It could have been John Motson or Barry Davies, screaming those words with accustomed familiarity on Match of the Day, but for us, in those first few games of the TPL season 2014, it was probably just in our heads. Leandro had, inevitably, scored and we were ahead, and for a while, top of the League. They were giddy times, and Leandro, his exploits in the previous season’s promotion campaign still buzzing through the memory banks, was our hero. I loved him and, to show my devotion, popped down to MBK to buy a Port blue t-shirt to have it emblazoned, in bright orange lettering, with that commentary above and, ‘The Perfect 10’ on the back. So, what of the man who had inspired this devotion?
The Pedigree (courtesy of Wikipedia)
Leandro was born in Candido Mota in Brazil on March 3rd, 1983. At the age of 19, he joined the legendary Santos in the top echelon of Brazilian football, Pele numbering amongst its former luminaries. The following year, he represented his country at U23 level, scoring one goal in 4 appearances. His career took on a rather wayward, nomadic turn after this, as he wandered through a number of home-based teams before making his way to Hai Phong in Vietnam in 2008.
It was here that he reached his own personal level of excellence, scoring 53 goals in 68 appearances, being made captain and winning Player of the Year 2009 in an on-line, unofficial poll. Leandro left Vietnam in 2012 to return to Brazil, but it was no doubt during his time in the V League that he had come under the radar of Dusit Chalermsan, Port manager 2013-14, who was coaching in Vietnam at the time.
The Goals 2013-14
Leandro announced his arrival with a stunning, left foot volleyed goal against Bangkok Glass in a rather meaningless, pre-season tournament in Chiang Rai. A header and a trademark free-kick in the first, victorious, away game at Ayuthaya confirmed that we had something special on our hands. ‘Getting a Brazilian’ became a subject that could now be discussed in Port family circles without any hint of embarrassment or recrimination. We won the first four away games in a row, were top of the League and the promotion adventure had begun.
The goals flowed: twenty-four that season, to win Leandro the Golden Boot. And they were, often than not, spectacular. Left foot shots and volleys, long and short range, of all description – meeting the ball dropping out of the air; crosses from the right; crosses from the left. Had they been scored by.. (insert here the name of a top Premier League striker) they would have been talked about incessantly. But they weren’t and they were.
Then came the headers, dispatched with deadly accuracy: diving with power; hanging in the air with placement; deftly cushioned into the corner. And, the penalties – he never missed. Every corner, free-kick and penalty was met with an expectant intake of breath, ready to be discharged in an exultant roar to announce yet another Leandro goal. We almost expected him to score direct from a throw-in.
His goals took us to promotion in 2013, to the top of the TPL at the beginning of 2014, and helped to save us from an unjust relegation after a 9-point deduction following the annual Battle of Muang Thong.
Leandro: what was there not to like…….?
The Dark Side
Quite a lot, according to some, and there is no doubt that Leandro had his detractors. He was, without doubt, egotistical; he wanted the game to revolve around him, often berating team-mates for some perceived indiscretion. In the true Latin tradition, he was, to put it kindly, theatrical. He dived, he rolled over, he screamed, clutching numerous body parts with varying degrees of pain intolerance. He argued with officials and had tantrums. He carried his baby into the pre-match line-up. In other words, he was the epitome of the modern footballer.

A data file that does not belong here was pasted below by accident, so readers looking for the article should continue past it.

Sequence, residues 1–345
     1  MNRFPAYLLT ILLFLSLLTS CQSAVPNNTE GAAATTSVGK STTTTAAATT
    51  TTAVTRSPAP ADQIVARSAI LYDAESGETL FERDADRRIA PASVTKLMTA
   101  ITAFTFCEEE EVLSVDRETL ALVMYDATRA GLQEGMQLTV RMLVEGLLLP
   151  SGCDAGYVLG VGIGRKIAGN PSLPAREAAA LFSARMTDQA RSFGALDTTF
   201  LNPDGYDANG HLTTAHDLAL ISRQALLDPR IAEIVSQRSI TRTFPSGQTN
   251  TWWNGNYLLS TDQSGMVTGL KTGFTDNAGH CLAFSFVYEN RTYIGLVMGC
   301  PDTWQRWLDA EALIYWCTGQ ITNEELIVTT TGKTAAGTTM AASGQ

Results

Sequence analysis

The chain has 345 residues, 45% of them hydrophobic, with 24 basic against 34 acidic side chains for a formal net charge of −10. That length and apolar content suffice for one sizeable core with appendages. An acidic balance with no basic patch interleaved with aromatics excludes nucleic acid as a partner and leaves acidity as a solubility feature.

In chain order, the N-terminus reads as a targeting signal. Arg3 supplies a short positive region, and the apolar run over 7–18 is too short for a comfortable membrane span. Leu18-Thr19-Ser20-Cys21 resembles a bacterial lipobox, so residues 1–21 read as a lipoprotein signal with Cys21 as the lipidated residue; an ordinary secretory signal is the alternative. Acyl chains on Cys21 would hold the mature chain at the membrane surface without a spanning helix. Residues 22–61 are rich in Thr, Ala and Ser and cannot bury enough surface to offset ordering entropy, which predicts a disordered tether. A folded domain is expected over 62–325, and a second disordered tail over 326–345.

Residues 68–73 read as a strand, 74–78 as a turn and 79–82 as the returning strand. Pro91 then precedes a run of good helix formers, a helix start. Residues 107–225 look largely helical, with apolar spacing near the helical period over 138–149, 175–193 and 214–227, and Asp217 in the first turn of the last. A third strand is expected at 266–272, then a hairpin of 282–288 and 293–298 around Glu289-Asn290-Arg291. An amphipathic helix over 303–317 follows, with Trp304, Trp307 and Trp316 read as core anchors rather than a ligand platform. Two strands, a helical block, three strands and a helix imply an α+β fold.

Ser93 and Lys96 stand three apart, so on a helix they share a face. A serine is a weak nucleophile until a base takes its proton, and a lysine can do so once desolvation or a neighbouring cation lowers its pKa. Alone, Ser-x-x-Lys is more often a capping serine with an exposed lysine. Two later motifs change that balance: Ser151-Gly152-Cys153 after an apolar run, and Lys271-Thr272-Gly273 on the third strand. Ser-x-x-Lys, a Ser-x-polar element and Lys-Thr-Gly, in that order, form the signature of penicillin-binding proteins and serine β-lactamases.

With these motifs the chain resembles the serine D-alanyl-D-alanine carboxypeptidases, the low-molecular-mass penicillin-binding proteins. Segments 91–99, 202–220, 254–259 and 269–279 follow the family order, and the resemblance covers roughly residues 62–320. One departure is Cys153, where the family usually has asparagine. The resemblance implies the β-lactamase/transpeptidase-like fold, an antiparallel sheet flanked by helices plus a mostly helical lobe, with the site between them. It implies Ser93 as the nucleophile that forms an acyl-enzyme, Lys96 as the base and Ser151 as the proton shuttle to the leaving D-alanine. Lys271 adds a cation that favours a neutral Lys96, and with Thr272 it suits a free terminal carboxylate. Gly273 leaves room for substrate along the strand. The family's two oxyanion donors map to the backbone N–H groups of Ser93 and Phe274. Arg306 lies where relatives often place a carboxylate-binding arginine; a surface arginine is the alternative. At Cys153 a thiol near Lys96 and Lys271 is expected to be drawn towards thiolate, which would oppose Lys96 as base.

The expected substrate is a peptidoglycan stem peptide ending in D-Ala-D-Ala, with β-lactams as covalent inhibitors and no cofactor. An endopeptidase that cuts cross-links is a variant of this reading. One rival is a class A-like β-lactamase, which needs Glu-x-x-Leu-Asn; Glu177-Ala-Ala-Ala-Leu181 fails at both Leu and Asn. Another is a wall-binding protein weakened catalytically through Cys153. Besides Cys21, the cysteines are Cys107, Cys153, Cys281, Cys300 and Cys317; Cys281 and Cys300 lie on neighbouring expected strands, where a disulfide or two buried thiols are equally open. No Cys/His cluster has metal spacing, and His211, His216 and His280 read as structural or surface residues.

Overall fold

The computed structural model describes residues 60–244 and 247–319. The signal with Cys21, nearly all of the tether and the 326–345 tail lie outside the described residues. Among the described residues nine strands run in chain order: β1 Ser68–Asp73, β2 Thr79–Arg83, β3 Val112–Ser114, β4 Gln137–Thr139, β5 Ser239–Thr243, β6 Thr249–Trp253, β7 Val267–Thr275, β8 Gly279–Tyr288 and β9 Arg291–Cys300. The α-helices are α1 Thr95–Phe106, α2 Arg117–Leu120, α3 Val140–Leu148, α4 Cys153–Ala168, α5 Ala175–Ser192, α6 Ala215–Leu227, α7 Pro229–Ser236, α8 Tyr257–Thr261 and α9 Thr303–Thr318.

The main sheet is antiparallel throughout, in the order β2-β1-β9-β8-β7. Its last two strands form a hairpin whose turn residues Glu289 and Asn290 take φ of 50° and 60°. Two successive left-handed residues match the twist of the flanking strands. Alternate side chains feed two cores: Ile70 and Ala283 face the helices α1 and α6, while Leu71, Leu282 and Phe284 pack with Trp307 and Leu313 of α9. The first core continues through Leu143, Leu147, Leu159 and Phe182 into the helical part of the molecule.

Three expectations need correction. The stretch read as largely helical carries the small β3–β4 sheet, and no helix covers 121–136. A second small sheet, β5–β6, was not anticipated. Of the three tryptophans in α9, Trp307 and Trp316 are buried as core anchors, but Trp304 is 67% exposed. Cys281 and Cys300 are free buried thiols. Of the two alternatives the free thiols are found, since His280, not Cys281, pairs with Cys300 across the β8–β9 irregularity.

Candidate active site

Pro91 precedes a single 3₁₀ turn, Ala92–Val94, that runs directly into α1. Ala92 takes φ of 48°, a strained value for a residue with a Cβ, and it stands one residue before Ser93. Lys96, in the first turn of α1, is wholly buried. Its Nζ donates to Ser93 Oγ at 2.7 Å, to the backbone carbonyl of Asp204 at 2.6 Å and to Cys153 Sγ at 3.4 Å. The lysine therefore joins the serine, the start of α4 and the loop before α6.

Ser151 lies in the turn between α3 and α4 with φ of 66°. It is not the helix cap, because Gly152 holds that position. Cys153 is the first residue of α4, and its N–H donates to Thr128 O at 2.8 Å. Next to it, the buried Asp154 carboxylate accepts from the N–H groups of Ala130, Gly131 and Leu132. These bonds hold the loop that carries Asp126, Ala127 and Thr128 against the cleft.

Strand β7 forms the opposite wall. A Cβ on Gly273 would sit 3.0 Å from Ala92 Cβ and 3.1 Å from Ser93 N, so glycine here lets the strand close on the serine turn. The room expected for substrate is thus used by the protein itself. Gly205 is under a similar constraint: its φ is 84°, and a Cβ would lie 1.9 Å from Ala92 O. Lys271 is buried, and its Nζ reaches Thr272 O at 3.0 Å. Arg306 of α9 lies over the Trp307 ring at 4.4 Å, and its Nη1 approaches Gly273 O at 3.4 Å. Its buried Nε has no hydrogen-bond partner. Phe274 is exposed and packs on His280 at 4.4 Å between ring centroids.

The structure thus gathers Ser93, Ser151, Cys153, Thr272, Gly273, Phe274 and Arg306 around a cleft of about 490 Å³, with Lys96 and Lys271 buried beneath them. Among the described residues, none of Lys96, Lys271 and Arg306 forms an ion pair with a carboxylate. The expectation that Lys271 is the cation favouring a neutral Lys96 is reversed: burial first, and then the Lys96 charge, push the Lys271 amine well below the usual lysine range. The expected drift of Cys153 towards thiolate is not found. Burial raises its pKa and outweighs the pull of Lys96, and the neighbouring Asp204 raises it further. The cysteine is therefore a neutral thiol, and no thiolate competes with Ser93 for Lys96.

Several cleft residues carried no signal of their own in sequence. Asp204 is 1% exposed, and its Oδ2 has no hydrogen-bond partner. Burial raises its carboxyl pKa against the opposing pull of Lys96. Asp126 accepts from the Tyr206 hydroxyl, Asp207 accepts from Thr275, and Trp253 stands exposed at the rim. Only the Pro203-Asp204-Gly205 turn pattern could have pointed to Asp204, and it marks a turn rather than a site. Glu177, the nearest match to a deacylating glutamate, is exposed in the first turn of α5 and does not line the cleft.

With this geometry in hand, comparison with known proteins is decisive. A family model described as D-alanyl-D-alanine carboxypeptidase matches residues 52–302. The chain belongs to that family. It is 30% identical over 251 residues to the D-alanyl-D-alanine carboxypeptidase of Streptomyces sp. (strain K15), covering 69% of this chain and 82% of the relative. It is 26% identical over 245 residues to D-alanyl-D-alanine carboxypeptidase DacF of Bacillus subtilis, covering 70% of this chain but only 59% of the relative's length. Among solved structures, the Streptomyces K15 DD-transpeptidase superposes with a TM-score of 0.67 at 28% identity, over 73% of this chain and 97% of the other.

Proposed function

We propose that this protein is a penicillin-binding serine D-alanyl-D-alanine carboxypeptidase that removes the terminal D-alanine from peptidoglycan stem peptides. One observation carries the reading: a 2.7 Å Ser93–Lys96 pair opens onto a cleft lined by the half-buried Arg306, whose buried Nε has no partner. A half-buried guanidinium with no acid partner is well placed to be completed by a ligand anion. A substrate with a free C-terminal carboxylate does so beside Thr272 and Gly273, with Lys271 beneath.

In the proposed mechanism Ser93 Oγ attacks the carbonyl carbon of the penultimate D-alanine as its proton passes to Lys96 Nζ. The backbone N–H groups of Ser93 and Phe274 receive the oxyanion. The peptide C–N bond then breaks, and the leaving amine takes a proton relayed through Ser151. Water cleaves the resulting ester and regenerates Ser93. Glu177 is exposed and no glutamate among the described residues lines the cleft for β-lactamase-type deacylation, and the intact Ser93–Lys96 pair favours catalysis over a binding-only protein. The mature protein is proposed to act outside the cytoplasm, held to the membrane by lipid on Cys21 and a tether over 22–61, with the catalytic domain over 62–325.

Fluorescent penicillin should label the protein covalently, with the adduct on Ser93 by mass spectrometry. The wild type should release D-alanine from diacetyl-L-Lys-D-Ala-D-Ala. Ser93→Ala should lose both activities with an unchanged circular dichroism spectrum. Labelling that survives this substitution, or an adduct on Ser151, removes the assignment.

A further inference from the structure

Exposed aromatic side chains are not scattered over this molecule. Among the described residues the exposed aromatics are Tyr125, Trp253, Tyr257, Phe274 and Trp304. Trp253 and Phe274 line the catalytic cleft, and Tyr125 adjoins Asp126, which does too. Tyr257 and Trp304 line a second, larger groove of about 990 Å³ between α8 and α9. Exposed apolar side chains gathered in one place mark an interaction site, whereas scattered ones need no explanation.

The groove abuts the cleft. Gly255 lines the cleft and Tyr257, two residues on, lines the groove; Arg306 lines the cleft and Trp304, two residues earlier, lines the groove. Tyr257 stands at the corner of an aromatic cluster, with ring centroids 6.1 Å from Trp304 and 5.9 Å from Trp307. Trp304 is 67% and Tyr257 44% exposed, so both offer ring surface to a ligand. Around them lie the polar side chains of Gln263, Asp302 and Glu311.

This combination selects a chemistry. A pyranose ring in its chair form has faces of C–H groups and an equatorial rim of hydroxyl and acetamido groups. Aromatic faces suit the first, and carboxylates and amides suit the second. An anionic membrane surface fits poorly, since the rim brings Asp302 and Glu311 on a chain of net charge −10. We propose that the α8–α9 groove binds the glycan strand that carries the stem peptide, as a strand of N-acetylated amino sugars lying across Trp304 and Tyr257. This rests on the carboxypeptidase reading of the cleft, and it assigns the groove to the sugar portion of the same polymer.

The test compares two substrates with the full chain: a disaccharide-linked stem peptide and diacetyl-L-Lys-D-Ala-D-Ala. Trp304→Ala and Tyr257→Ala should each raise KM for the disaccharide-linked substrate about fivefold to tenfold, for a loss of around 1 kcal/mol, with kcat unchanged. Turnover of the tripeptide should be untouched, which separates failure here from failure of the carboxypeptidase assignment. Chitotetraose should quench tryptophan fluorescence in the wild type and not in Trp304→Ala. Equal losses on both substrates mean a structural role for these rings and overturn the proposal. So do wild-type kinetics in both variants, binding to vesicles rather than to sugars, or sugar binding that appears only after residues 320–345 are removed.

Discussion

Whether you loved him or hated him (it was hard to be indifferent), you just couldn’t stop talking about him. Still, as Oscar Wilde once said, “There is only one thing in the world worse than being talked about, and that is not being talked about.” I suspect Oscar would have admired Leandro.
My question to his detractors is: “Would you rather have had him for those two years or not had him? Would we have won promotion and climbed to 9th place in the League without him? If not Leandro, then who?”
He could be a rogue, but to my mind, a loveable one, and we English love a loveable rogue – just look at the Krays!
The Dismantling of an Icon
So, how will we look back on Leandro? For two years he was our God, our mercurial wizard; his left foot – his magic wand. We all knew he could be a bit of a twat. But, he was our twat, and we adored him. To watch him on his last return to Port with Air Force was to only feel sad at how much he had lost that magic. Never possessing a sylph-like figure, he looked overweight and well off the pace; even his aim letting him down. His once feared free-kicks never surmounted the wall and he spent most of the game in a running battle with the ref, Port players (and his own), and, ultimately, the crowd, that had once adored him and chanted his name. When he was sent off after a second yellow card for a nasty foul on the young Port keeper, Rattanai, his departure was greeted with ironic cheers, or were they jeers? This was the third time he had returned to Port as an opposition player; on the first occasion, he did a lap of honour around the ground, signing autographs and posing for selfies.
With each subsequent visit, his allure had diminished.
I, for one, will not forget him. Thanks for the memories, Leandro – Once You Were King.